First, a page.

Alex Rodriguez goes 1-for-4 as Yankees lose, 8-1
CHICAGO -- Perhaps the day's most honest moment came four hours before first pitch in the media-packed hallway near the Yankees' clubhouse.
"This isn't a distraction to our game,'' reliever Boone Logan said, dripping sarcasm, as he scanned the phalanx of cameras and reporters.
They were there to capture the clubhouse entrance of Alex Rodriguez, who was suspended yesterday by Major League Baseball for 211 games but was in the lineup last night for his season debut as he prepares to appeal.
The moment arrived about 10 minutes later at 3:15 p.m., as A-Rod came whizzing past in a golf cart after being dropped off at the park by a friend. Rodriguez stepped out of the cart several feet from the clubhouse entrance and quickly went inside.
From there, the night played out not entirely unpredictably. Rodriguez, in a jammed news conference, didn't say much of anything, declining to answer even the direct question about whether he used PEDs during the time period MLB alleged.
He got a bloop single his first time up but went 1-for-4 as the Yankees lost, 8-1, to the last-place White Sox, who had lost 10 in a row and 13 of their last 14.
Afterward, A-Rod said he hopes to only talk baseball from here on out. Good luck with that.
"It was a hard day today, that's for sure, a long day," he said. "I felt pretty good. From this moment on, I want to focus on baseball and play every game like it's do-or-die."
Andy Pettitte (7-9, 4.71 ERA) allowed 11 hits and seven runs, all earned, in 22/3 innings. Pettitte has given up at least one first-inning run in his last seven starts. If not for the A-Rod circus, Pettitte's struggles, along with the rest of the team's, would be a much bigger story.
The attention in that department -- the Yankees (57-54) have lost 12 of 18 and are 27-36 since their high-water mark of 30-18 -- will come soon enough.
"It's a bad way to start the series," Joe Girardi said. "We have to start playing better. There's no doubt about it."
Pettitte used the word "frustrating" a handful of times in describing his performance, sounding disgusted in doing so.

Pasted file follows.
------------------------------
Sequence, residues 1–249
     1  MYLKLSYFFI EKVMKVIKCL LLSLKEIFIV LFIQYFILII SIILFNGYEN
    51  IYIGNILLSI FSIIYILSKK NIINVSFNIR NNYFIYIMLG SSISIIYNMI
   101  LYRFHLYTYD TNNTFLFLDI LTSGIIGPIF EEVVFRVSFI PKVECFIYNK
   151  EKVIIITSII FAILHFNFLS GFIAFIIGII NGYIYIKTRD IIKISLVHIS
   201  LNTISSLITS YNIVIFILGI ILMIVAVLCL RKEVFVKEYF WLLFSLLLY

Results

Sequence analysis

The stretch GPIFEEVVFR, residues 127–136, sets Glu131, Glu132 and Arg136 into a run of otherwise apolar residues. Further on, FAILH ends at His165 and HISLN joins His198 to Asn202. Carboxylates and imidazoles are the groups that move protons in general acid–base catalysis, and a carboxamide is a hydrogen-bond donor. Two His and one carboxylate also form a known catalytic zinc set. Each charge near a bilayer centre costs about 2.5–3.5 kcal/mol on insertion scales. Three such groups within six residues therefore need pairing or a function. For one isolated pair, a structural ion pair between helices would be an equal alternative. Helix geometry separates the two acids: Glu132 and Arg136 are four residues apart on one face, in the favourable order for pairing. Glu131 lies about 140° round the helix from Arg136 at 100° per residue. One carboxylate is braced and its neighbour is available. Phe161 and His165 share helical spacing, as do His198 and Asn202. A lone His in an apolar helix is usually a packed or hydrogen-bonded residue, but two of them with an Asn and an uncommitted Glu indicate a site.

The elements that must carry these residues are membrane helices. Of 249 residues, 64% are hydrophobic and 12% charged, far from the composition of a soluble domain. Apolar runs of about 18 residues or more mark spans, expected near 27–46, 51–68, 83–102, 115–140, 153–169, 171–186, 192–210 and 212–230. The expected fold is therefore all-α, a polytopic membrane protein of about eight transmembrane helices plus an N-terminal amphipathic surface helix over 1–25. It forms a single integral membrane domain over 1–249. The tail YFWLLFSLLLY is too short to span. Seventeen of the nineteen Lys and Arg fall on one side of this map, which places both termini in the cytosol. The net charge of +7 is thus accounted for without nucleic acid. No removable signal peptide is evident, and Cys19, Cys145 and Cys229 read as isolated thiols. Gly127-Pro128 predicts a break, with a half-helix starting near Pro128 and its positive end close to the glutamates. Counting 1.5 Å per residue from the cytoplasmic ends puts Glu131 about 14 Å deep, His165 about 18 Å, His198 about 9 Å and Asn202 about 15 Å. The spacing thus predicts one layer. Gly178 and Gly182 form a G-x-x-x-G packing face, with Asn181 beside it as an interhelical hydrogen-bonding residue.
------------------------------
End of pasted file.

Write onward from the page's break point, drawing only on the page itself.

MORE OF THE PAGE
"It's just everything that could possibly go wrong is going wrong right now," he said. "We're going through a tough time right now and we needed a good start from me. It's hard to swallow right now. But we have a lot of season left and we have to grind through this."
How much season A-Rod has left ultimately will be left up to the arbitration process. In the meantime, he'll likely face more of the type of reaction -- on the road for sure -- that he did Monday night.
Of course, that's really not much different from the road greetings he's gotten for the last decade-plus.
When A-Rod was introduced to the crowd Monday night, both in the announcement of the lineups and before his first at-bat, he was soundly booed (though a smattering of cheers from some Yankees fans could be heard).
As he stepped into the batter's box in the second, a large sheet with "A-Roid'' handwritten on it could be seen near the leftfield foul pole. Another fan held up a sign with "211'' written on it.
In that at-bat, Rodriguez, batting cleanup and starting at third, looked at two pitches -- both balls -- from lefthander Jose Quintana. On the third pitch, he blooped a single to left.
"I thought he looked OK," Girardi said. "I thought he moved OK . . . His swing looked more explosive to me."
In his next at-bat, with one out in the fourth, he flied out a few yards short of the track in center. Rodriguez, who looked a step slow in the field, flied out just short of the track in left for the second out of the sixth. In the eighth, he struck out looking.
So did the day go about as well as could be expected?
"I don't think there's a 'well' in any of this situation," A-Rod said. "I just hope that there's a happy ending somewhere there. But as far as the game, which is what I'm going to focus from now on and all I'm going to talk about, we have some important games coming up. It's good to see the guys, and see what's going on here, talk about what we need to do. We need to get to the playoffs."
Asked about the autograph-signing he did for fans, he replied, "Look, I don't think anybody -- no matter how much you like or dislike -- I don't think anybody wants to see anybody suffer. I think the fans want what's best for the game. Hopefully we can take a pause from all of this and concentrate on baseball.''
With David Lennon